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Passed-on complaints

Discussion in 'Sports and News' started by Smallpotatoes, Feb 26, 2008.

  1. Smallpotatoes

    Smallpotatoes Well-Known Member

    This evening, I was talking to a basketball coach and after taking the update on the game played tonight, he told me some parents and players were upset about the story in the previous week's paper.
    The team had clinched a league title in a game on a Friday, then in its next game, lost a non-league game in the first round of an invitational tournament. As I usually do when summarizing multiple games, I started with the most recent one and worked backward. It's always seemed to make more sense to give people the fresher news first.
    Given the significance of the older game, maybe I made a mistake in judgement, maybe I did not. (Before anyone goes into the "Why are you talking about games that have already been played instead of looking ahead" issue, please bear in mind that as I have said in the past, the readers seem to demand game coverage more than features or previews).
    The coach said that the parents were upset enough that they did not want to read the paper anymore.
    They were not upset enough to contact me about this, however. As of the time I left the office this evening, I have yet to receive one phone call or e-mail from anyone about this.
    It's not as if I'm that hard to reach. My phone number and e-mail address are in the paper in at least two or three places each week. If anyone really wants to contact me, it's not that hard to do.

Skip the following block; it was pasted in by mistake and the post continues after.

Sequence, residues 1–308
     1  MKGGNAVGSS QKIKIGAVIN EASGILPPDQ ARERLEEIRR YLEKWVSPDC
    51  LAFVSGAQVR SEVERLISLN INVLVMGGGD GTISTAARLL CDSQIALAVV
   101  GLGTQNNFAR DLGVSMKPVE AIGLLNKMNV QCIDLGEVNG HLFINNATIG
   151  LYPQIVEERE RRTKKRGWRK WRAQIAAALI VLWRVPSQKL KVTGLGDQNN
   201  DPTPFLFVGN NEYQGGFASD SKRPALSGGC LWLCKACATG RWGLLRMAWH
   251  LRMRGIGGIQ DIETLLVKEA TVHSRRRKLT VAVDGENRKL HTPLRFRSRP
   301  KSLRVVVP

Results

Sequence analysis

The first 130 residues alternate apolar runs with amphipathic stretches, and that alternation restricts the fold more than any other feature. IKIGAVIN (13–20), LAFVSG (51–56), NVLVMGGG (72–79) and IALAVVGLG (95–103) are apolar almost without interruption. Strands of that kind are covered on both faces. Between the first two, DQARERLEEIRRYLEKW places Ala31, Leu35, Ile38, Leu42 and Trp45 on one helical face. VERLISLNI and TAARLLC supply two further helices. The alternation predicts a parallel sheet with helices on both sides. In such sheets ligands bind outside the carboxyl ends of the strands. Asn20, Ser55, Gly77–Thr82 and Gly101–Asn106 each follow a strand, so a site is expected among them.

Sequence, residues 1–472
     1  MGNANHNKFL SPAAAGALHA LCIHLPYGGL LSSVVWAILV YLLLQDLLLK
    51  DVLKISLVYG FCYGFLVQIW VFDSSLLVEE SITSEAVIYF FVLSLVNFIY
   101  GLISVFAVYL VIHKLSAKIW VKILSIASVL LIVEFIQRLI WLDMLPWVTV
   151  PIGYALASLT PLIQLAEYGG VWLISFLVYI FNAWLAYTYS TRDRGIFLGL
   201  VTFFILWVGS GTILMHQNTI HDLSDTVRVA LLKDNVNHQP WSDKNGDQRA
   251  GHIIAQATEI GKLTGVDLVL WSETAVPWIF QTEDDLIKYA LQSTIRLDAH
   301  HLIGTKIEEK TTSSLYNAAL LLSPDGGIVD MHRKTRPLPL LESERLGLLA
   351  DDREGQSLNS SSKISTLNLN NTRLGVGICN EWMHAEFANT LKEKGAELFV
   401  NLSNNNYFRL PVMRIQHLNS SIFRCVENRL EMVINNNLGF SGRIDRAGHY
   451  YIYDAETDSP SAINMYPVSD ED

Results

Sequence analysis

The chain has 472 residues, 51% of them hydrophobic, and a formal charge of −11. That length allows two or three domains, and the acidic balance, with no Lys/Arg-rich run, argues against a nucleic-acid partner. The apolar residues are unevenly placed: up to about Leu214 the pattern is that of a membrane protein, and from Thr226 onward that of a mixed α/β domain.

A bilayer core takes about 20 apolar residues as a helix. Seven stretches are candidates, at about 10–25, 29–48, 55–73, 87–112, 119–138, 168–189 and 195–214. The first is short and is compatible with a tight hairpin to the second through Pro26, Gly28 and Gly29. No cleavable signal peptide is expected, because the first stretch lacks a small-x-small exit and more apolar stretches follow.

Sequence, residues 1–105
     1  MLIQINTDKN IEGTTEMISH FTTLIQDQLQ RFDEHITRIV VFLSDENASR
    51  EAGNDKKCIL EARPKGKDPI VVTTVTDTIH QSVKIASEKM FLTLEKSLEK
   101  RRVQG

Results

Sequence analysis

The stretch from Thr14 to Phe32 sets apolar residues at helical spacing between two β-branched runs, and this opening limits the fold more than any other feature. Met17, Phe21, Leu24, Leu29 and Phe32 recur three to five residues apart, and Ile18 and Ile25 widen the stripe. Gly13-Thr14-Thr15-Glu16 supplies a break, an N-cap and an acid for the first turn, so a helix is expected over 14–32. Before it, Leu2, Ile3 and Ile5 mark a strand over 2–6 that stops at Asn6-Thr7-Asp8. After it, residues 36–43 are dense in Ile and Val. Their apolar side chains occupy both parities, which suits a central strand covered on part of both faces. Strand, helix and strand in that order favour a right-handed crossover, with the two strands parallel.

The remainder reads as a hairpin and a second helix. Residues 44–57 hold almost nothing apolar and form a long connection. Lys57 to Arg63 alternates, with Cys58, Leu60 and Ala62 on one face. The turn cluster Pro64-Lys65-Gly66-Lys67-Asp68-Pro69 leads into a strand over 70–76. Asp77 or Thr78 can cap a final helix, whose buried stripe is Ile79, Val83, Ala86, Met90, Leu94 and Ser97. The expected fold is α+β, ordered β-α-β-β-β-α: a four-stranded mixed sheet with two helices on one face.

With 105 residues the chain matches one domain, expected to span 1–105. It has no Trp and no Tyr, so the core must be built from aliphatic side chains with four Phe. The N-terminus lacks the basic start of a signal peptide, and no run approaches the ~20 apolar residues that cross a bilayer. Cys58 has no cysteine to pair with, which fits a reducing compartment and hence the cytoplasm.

I suppose there's a certain level of comfort in complaining to somebody who can't do anything about what upsets you (I remember one parent a decade ago who always went on and on to me about how upset she was with how a competitor covered the local high school wrestling team, as if there was something I could do about it).
    If somebody can't be bothered actually voicing their complaint to me, how seriously should I take it?
  2. BYH

    BYH Active Member

    I agree. Using passed on instead of died sucks.

    Oh wait.
  3. Smallpotatoes

    Smallpotatoes Well-Known Member

    Could this be moved to the journalism topics section?
    My mistake.
  4. Cadet

    Cadet Guest

    I think you should have summarized the two games in your lede, if you didn't. "After a thrilling victory Friday, Podunk High lost Saturday."

    That said, I find that "they" in complaints usually means "I." It's easier for the coach to hide behind "they" instead of saying to your face "I didn't like this." Just as "the whole team is upset" usually means one or two people.

    Don't sweat it. If you think you could have done something different/better, do so next time.
  5. Exactly.
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